Russian Prime Minister Vladimir Putin announced on Saturday that Russia will end its wheat export ban on July 1, potentially easing supply constraints that have pushed up prices of grains and created inflation concerns.
The ban was put in place last year after a heatwave, followed by massive wildfires, devastated large areas of Russian farmland and saw food prices spiral upwards. Ukraine also stopped exports.
UK and US markets were closed Monday for a bank holiday, but wheat traded down 5 percent in Paris following the news. French agricultural trader Agritel said in a market commentary that the revocation of the ban had largely been priced into markets, and that uncertainty, including the forecasts of another hot summer in Russia, should keep prices buoyant.
On Tuesday morning in London, wheat for July 1 delivery was down by more than 2.5 percent.
Erin Fitzpatrick, commodity analyst at Rabobank, told CNBC.com that an earlier relaxation of restrictions in Ukraine had prepared markets for the Russian export ban to end, so the announcement had been priced in.
"Russia was such a large exporter prior to the drought that the entire market was expecting them to come back and become an exporter again this year," Fitzpatrick said.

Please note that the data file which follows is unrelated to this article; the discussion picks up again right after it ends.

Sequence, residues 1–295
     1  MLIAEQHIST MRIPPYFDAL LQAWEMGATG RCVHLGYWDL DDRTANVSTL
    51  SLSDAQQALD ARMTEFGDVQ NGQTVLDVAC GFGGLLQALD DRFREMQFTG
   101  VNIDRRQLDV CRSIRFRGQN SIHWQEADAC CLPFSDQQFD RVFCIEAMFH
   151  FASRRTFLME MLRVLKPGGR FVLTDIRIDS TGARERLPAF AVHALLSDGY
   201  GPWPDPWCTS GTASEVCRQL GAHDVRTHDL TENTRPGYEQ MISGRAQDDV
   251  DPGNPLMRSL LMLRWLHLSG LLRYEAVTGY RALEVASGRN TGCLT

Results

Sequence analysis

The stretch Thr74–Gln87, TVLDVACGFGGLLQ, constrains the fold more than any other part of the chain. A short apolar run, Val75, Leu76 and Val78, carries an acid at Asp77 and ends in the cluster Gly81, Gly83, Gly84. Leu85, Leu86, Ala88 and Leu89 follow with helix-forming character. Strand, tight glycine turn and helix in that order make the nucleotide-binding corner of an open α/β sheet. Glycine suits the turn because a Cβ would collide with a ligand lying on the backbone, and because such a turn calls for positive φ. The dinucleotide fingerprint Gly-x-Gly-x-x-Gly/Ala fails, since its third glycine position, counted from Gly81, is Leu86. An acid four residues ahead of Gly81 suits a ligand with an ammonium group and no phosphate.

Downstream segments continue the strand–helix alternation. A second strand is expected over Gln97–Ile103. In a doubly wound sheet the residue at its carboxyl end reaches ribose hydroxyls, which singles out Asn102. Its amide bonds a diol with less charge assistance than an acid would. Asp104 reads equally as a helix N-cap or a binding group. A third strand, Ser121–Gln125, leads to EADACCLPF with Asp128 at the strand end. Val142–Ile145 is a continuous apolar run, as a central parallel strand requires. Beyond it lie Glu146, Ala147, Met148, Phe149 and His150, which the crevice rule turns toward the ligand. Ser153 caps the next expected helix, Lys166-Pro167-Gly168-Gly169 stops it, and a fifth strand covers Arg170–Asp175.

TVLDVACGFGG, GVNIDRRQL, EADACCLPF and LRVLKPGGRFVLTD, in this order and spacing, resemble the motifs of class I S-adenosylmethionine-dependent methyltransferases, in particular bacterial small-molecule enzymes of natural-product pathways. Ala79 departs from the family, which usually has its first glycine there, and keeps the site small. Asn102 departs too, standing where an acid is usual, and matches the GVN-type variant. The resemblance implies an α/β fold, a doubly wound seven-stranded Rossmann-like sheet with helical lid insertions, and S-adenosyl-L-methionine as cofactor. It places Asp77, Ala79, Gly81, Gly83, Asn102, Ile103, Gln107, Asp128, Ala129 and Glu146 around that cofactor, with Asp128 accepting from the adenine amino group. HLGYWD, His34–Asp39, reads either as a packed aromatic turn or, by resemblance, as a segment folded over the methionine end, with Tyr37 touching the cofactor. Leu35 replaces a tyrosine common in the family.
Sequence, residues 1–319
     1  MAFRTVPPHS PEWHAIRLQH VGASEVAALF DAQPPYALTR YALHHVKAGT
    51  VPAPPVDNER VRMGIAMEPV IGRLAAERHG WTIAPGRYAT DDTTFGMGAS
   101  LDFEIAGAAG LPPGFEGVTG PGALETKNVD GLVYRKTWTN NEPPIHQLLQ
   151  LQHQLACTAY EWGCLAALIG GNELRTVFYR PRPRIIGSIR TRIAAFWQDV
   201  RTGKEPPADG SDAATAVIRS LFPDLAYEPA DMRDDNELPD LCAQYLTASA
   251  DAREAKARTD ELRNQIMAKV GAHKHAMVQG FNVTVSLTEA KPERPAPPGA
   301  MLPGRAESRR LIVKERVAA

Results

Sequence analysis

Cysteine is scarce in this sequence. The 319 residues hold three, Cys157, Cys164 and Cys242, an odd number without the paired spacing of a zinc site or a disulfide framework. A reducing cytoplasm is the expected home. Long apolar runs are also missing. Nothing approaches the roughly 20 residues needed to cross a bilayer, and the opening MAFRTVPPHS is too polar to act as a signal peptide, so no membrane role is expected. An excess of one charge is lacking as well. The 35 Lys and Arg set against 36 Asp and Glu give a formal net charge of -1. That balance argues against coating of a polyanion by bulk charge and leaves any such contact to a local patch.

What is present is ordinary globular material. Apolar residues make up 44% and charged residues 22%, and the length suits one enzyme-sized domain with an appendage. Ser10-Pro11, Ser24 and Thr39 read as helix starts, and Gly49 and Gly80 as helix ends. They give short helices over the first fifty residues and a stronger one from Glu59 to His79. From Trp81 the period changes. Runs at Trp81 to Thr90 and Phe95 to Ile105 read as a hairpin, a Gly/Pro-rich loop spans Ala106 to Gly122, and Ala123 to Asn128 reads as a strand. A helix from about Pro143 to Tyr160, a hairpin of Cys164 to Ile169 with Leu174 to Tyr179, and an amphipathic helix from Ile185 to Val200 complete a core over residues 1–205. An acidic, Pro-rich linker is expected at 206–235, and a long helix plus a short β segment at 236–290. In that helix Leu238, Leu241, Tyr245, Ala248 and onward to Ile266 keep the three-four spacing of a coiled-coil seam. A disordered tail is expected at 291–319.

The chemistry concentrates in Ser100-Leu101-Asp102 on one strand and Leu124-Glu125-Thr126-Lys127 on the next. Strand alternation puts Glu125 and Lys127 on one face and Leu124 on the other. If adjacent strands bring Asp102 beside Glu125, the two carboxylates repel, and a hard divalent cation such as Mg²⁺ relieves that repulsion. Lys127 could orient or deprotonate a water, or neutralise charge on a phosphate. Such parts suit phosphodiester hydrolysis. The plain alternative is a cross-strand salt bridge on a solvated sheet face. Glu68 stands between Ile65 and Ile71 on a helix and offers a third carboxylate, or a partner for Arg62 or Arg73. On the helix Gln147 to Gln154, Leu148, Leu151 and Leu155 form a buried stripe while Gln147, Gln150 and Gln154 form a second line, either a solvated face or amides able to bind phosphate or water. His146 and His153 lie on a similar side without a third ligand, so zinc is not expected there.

Russia could export as much as 15-20 million tons, dependent on weather conditions
Weak rainfall in Germany, France, the UK and Poland is adding to continued supply concerns. The International Grain Council trimmed its global wheat production forecasts for 2011/12 by 5 million tons in May, down to 667 million tons, although it noted that output is still likely to be higher than last year.
Even so, consumption of wheat is set to hit record levels of 669 million tons this year, the IGC said.
This should mean that the current high price environment persists, according to Fitzpatrick.
"We're forecasting a global correction below the numbers that the IGC has come out with and actually below the USDA (United States Department of Agriculture) forecasts for global wheat production. The exports coming out of Russia and the Black Sea region are probably not going to be enough to offset the declines in other parts of the world, particularly in Europe," she said.
"We've seen very dry weather, particularly in France, the UK and parts of Germany this year, which is going to cause Europe's wheat production to fall for the fourth year in a row. As a result, the exports coming out of the Black Sea region are not going to be enough to fill the void due to weather disruptions in other parts of the world," Fitzpatrick said.